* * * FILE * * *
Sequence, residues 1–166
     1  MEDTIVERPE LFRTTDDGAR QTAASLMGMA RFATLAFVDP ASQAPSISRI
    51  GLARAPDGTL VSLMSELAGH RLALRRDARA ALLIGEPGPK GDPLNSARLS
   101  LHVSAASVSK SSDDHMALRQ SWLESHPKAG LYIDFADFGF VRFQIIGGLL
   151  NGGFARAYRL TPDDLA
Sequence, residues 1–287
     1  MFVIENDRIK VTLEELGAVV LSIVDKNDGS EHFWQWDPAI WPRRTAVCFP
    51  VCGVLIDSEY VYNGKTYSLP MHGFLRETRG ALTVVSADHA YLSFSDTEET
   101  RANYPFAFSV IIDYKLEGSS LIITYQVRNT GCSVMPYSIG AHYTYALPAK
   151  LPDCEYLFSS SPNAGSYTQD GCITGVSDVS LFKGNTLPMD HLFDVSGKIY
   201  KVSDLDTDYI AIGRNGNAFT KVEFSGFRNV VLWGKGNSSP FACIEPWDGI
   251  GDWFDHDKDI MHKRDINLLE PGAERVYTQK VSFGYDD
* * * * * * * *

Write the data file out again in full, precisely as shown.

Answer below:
Sequence, residues 1–166
     1  MEDTIVERPE LFRTTDDGAR QTAASLMGMA RFATLAFVDP ASQAPSISRI
    51  GLARAPDGTL VSLMSELAGH RLALRRDARA ALLIGEPGPK GDPLNSARLS
   101  LHVSAASVSK SSDDHMALRQ SWLESHPKAG LYIDFADFGF VRFQIIGGLL
   151  NGGFARAYRL TPDDLA
Sequence, residues 1–287
     1  MFVIENDRIK VTLEELGAVV LSIVDKNDGS EHFWQWDPAI WPRRTAVCFP
    51  VCGVLIDSEY VYNGKTYSLP MHGFLRETRG ALTVVSADHA YLSFSDTEET
   101  RANYPFAFSV IIDYKLEGSS LIITYQVRNT GCSVMPYSIG AHYTYALPAK
   151  LPDCEYLFSS SPNAGSYTQD GCITGVSDVS LFKGNTLPMD HLFDVSGKIY
   201  KVSDLDTDYI AIGRNGNAFT KVEFSGFRNV VLWGKGNSSP FACIEPWDGI
   251  GDWFDHDKDI MHKRDINLLE PGAERVYTQK VSFGYDD